“Painting is easy when you don’t know how,” said the immortal Impressionist Edgar Degas. “But when you do know how, it’s very difficult.” 

Lucky for me that I didn’t know how. Because 

a spring was breaking
out in my heart.

These are words from an Antonio Machado poem, and he says, 

Oh water, are you coming to me,
water of a new life
that I have never drunk?

This was what I was feeling at 23 years of age—feeling a turning point in my life. I was about to graduate from college and start a new career; I was in a serious relationship with someone I eventually married and shared life with for many years; and I was gulping philosophical and psychological wisdom like my life depended on it. 

Among the things I was reading was a book by Strephon Kaplan-Williams on Jungian-Senoi dream work, and so dreams were flooding my world every night. Here’s one of them: An elephant is trapped in a glass bottle, and it is MY elephant. I need to let him out. I do, and it transforms into a bar of soap. I soap up my body with him and, all of a sudden, I feel power coursing through me. I can figure skate with the best of the Olympians. I can even do a quadruple lutz!

A spring was breaking out in my heart. Mysterious dreams announcing this fact. Water of a new life, coming to me. 

So, again, lucky for me I didn’t know how to paint. I avoided being like the caterpillar who can’t walk because he’s thinking too hard about the technique involved in moving all his little legs all at once. The priority was giving my emotional overflow form, and using paint freely to do so. Other forms of visual art (like sculpture, printmaking, photography, and film) appeared to require machines and other complicated instruments and, again, I had no patience for that. 

I just wanted to go from heart to brush to canvas. Direct flight; no stop-overs. 


This is perhaps the very first piece I ever did. I just went for it. Paint on the canvas, following instinct and intuition. No attempt whatsoever to represent anything external to me. Red, white, blue, green, black: allowing whatever was meant to emerge, to emerge. Stopping when the result seemed to take on a life of its own, and you could see form and movement in the colors and shadows. Different people seeing different things.

What I saw in this particular piece was something like a water buffalo, and he is in a strange landscape lumbering away from what seems like water, towards the viewer, and his head wreathed with horns is bloody but unbowed. 

What did it mean? I don’t know. But it felt satisfying. 

There happened to be a University-wide painting contest at the time, and I said “Why not?” and I submitted the painting. I ended up with second place. So maybe others saw something interesting too. 

Then there was this painting: 

Three Graces

While creating this one, I was listening to music from the rock band U2—their album entitled Joshua Tree. The volume was cranked up to 11—or it would have been if stereo manufacturers of the time paid any attention to the movie Spinal Tap. The music filled me up. Songs like “Where the Streets Have No Name,” “Running to Stand Still,” and “I Still Haven’t Found What I’m Looking For.” The music magnified what was on my heart. At that time I was a two-pack-a-day smoker and so one hand worked a paint brush while, from the other, a cigarette dangled. But there was a moment in all of this when I felt something click and I put down the paint brush and scooped a couple cigarette butts out of the ashtray. I took these smelly butts and I dabbed them in the paint and I used them to spread it, so that the paint ended up mixed with tobacco leaf and ash. The whole process felt true exactly because it was gritty and messy.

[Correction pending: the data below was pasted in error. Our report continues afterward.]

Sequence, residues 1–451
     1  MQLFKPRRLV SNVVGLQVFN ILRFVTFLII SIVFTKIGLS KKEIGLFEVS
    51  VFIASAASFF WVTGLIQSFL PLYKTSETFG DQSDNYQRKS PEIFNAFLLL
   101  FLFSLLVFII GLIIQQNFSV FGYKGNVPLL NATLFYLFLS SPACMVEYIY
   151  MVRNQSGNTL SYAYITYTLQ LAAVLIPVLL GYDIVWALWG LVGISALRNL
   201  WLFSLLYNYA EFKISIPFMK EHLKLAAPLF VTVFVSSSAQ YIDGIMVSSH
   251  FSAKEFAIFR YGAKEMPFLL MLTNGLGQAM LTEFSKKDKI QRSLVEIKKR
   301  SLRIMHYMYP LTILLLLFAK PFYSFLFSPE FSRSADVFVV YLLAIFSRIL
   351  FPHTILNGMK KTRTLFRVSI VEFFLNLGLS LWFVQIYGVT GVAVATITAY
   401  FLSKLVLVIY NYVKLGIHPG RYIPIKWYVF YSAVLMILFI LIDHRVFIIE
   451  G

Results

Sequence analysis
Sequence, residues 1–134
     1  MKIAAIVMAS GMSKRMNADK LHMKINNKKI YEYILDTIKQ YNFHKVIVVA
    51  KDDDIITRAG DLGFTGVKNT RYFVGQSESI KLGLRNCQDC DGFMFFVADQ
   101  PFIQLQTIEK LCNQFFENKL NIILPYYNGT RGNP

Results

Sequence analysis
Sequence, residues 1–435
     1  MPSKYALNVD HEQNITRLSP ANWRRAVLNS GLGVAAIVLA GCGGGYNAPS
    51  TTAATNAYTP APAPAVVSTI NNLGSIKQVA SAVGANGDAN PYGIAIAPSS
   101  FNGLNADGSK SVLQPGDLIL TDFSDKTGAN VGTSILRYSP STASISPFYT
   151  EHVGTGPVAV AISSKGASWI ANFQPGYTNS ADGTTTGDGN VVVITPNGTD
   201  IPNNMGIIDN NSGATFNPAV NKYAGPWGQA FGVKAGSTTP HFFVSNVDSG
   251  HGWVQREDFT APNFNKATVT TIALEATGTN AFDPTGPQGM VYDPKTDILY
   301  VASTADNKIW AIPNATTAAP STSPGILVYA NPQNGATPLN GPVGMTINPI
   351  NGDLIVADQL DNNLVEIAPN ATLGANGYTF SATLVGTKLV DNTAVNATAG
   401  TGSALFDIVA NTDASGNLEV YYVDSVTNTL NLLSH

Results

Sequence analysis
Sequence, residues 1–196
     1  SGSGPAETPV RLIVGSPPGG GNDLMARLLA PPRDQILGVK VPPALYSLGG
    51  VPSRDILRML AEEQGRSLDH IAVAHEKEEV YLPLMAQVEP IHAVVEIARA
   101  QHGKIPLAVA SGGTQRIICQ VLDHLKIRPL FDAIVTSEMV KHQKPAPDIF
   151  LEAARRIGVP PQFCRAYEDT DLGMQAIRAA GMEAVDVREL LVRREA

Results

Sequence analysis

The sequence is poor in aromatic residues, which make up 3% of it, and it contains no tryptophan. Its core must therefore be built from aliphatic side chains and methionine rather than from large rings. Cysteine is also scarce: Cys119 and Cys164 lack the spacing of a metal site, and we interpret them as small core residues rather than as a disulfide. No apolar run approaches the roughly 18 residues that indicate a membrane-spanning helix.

This was happening—this whole improvisational experience which was unexpected and intense—while sounds from the band U2 washed over me—their cries of “I Still Haven’t Found What I’m Looking For.” The year was 1990 and George H. W. Bush had just become President and the Gulf War had begun and I remember the angst and horror of that time. The passionate despair and longing of the U2 album spoke to me. But when I was done with the painting, I looked at the image that had surfaced, and I realized that what I was looking at was what was inside me: turbulence, yes, but three resilient live growing trees swaying gracefully. 

I don’t usually give my paintings titles, but this one titled itself: “The Three Graces.” 

It never stops reassuring me. Grace inside me, a green forest inside, no matter what the external world is like, with its wars–and now, today, with its worldwide coronavirus pandemic.

As a German proverb says: “Art holds fast when all else is lost.” 

I was personally realizing the truth of this proverb when I was 23, a messy yet transformative turning point in my life. Secret images of my soul disclosed through swirling colors on a page, which I’d introduce by paintbrush or fingers or even cigarette butts. More paint here, less paint there, until it felt intuitively right to stop and an image had arrived in all its fullness and complexity, an image had come home. 

It was another form of sleep and dreams. Water of a new life, coming to me.